1. Monday, Sept. 23, 2019; 2:00 pm PDT (4:00 pm CDT, 5:00 pm EDT): No show today as Monday is reserved for special programming.
2. Tuesday, Sept. 24 , 2019; 7-8:30 pm PDT (9-10:30 pm CDT, 10-11:30 pm EDT): Dr. Anahita Modiriasari will talk about lunar and Martian lava tubes.
3. Wednesday, Sept. 25, 2019: Pre-recorded Hotel Mars Program with John Batchelor. See Upcoming Show on The Space Show website for details.
4. Friday, Sept. 27, 2019; 9:30-11:00 am PDT (11:30 am-1:00 pm CDT, 12:30-2:00 pm EDT): We welcome back Dallas Bienhoff will discuss cislunar development and his recent SSI discussion comments.
5. Sunday, Sept. 29, 2019; 12-1:30 pm PDT (3-4:30 pm EDT, 2-3:30 pm CDT): OPEN LINES. We want to hear from you. STEM, STEAM, SPACE, SCIENCE calls welcome. First time callers welcome. Talk about what is on your mind with space.
2. Tuesday, Sept. 17, 2019; 7-8:30 pm PDT (9-10:30 pm CDT; 10-11:30 pm EDT): We welcome back both Kim Holder and John Jossy to discuss the recently held SSI Space Settlement Conference. Lots happened at this conference and Kim and John will tell us about it.
3. Wednesday, Sept. 18, 2019: Pre-recorded Hotel Mars Program with John Batchelor. See Upcoming Show on The Space Show website for details.
SpaceX this afternoon launched a Falcon Heavy rocket with the Arabsat-6A communications satellite from Cape Kennedy Space Center. This was the second launch of a FH but this time all 3 cores of the FH were the most up-to-date Block 5 versions. And all 3 boosters successfully landed. The 2 side boosters landed back on pads at Cape Canaveral while the center landed on a floating platform at sea.
A clip from the SpaceX webcast showing the liftoff:
Here is the segment of the webcast with the return flights and landings of the boosters:
After a coast period, the upper stage engine fired for about 85 seconds and 5 minutes later Arabsat-6A was deployed:
Successful deployment of Arabsat-6A to geosynchronous transfer orbit confirmed—completing Falcon Heavy’s first commercial mission! pic.twitter.com/KeKTP99xvv
Contact was later made with the satellite after the deployment.
The power of the FH sent the satellite into a long ellipse with an apogee of 90,000 km (55,500 mi) beyond Earth. The satellite will fire its on-board engine to circularize the orbit and bring it to its assigned slot in geostationary orbit (35,786 km above the equator). The initial extra high orbit will reduce the amount of fuel that the satellite needs to reach its spot as compared to a launch with, say, a Falcon 9 rocket. This extra fuel will give the satellite a few more years of operation since it needs to occasionally fire the engine to maintain its position.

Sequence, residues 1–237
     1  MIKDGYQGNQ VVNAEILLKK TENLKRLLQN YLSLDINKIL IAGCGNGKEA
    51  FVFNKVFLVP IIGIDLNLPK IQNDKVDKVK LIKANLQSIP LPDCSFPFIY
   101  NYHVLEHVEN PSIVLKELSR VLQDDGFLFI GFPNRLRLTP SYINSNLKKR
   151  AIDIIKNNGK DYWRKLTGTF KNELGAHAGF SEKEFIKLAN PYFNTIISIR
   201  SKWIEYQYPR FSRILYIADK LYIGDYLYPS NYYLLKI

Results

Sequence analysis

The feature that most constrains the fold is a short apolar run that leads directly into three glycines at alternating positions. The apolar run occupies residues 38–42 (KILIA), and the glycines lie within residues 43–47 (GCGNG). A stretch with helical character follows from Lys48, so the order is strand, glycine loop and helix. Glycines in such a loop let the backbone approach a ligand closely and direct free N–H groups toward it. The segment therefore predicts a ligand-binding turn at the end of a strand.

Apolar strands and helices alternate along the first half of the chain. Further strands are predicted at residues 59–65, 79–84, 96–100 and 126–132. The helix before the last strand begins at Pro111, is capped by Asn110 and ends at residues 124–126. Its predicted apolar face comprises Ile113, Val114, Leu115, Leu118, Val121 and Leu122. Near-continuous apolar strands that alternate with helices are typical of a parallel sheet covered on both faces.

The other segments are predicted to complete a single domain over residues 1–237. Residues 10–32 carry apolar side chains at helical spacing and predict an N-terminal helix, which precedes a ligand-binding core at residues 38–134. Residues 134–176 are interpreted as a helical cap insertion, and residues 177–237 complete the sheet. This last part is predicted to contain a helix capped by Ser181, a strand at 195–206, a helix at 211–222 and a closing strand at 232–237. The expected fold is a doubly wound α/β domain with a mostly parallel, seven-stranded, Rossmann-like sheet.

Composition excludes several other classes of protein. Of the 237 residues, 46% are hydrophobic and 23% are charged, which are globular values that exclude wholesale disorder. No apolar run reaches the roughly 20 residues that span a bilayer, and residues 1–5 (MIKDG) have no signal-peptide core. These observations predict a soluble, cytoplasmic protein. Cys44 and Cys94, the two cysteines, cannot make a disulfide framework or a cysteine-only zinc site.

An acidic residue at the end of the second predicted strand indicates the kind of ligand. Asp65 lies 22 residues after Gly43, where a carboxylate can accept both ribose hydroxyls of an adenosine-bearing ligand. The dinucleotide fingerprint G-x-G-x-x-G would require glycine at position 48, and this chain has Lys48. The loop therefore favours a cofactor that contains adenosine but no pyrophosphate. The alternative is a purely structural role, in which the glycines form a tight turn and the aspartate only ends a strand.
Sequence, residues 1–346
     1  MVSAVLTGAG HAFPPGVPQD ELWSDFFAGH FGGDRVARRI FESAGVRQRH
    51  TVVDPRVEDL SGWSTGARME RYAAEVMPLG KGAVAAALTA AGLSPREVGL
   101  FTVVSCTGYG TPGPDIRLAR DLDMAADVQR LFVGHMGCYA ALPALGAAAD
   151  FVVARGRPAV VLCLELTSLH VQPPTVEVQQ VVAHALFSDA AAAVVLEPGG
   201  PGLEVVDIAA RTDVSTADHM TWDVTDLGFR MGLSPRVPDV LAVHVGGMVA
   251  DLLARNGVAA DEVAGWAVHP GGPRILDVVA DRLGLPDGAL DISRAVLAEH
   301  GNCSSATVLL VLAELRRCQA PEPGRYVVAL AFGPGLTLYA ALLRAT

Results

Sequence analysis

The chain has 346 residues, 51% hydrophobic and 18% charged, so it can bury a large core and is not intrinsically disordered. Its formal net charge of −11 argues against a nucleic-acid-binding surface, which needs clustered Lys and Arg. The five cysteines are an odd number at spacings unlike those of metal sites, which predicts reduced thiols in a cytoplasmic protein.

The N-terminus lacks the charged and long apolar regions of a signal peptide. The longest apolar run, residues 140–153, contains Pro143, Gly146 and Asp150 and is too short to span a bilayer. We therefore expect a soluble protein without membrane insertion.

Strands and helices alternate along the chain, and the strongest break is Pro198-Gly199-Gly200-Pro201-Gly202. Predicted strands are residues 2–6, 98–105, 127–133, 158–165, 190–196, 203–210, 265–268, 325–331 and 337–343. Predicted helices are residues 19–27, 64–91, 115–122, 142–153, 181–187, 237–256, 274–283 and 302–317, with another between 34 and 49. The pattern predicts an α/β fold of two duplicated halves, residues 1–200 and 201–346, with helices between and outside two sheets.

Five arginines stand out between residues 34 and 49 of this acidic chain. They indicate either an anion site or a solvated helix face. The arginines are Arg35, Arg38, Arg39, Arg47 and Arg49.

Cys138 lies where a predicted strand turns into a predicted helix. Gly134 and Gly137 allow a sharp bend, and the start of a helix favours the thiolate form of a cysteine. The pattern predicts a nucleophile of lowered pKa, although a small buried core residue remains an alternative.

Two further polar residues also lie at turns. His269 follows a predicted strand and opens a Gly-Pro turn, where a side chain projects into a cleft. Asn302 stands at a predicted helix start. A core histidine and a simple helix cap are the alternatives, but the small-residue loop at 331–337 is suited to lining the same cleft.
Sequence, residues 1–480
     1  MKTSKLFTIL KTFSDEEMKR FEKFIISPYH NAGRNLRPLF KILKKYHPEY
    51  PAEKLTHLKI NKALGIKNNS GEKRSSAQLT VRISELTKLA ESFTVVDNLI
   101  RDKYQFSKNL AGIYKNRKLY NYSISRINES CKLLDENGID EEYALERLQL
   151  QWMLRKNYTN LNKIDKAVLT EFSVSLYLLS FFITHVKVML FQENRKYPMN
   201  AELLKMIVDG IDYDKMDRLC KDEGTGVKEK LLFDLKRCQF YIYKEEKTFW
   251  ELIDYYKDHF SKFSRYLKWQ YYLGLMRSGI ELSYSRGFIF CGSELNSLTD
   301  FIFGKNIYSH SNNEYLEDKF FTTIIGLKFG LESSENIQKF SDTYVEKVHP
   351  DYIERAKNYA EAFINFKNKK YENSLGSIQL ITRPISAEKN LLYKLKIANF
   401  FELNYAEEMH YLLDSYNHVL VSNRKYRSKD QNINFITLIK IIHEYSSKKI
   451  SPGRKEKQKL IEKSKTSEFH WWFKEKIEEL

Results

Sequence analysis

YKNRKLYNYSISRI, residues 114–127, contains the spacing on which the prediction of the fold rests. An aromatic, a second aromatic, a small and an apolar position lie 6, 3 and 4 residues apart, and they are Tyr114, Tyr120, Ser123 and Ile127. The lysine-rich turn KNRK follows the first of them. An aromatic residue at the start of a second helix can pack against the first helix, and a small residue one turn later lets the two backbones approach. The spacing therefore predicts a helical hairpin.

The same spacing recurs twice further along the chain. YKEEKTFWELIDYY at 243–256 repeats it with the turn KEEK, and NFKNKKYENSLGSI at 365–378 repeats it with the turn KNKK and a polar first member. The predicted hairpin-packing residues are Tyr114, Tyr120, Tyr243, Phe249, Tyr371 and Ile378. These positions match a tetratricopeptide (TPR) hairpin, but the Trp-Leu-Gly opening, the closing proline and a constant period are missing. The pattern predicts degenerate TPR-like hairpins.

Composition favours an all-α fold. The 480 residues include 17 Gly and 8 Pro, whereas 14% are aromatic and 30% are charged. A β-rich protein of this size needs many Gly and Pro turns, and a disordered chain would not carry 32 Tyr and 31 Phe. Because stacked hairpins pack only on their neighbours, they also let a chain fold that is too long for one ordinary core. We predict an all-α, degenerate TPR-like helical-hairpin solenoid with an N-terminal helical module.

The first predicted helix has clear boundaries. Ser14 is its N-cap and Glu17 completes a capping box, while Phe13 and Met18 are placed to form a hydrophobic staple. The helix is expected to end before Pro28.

Below are videos and images of the launch early this morning of the SpaceX Falcon 9 with the Crew Dragon for the Demonstration 1 mission (DM-1). (Will add more videos as they become available). The first stage landed successfully on a platform in the Atlantic. The Dragon is scheduled to dock with the ISS at around 6 am EST Sunday, Feb.3rd. Watch the rendezvous and docking live starting at 3:30 am EST (0830 UTC) on the SpaceX Webcast page.
[ Update: Post-launch briefing:
A second passenger aboard the Crew Dragon enjoys weightlessness:
The most significant achievement in 2018 is clearly China’s rise as a space power. That nation had predicted it would complete 40 launches in 2018. That prediction turned out to be largely accurate. China completed 38 successful rocket launches, almost doubling its previous yearly launch record. It also fixed the issues with their biggest rocket, the Long March 5, laying the groundwork for the launch of their own space station. In addition, they launched Chang’e-4 to the Moon, aimed at being the first spacecraft to land softly on the Moon’s far side. While this is not their first lunar lander/rover, it likely initiates a much more aggressive and fast-paced planetary program for the coming years.
During a cabinet-level meeting that took place on Friday, Dec. 25th, the government of India announced that the Indian Space Research Organization‘s (ISRO) first crewed mission to space will consist of a three-astronaut team being sent to orbit. The government also announced that they had a approved a budget of $1.4 billion to fund the development of the requisite technology and infrastructure for the program.
The decisions to send astronauts to space was first announced by Prime Minister Narendra Modi on August 15th, during India’s Independence Day celebrations. At that time, Modi directed the ISRO to conduct a crewed mission to orbit by 2022, which would coincide with the 75th anniversary of India gaining its independence.
** Emily Lakdawalla of the Planetary Society, “takes us on a tour of the spacecraft currently exploring from within our solar system. All planets and spacecraft locations are shown at their location for January 1st, 2019.”
** Virgin Orbit, one of many companies around the world developing small rockets to orbit small satellites, highlights developments in 2018 that will lead to their first orbital flights in 2019: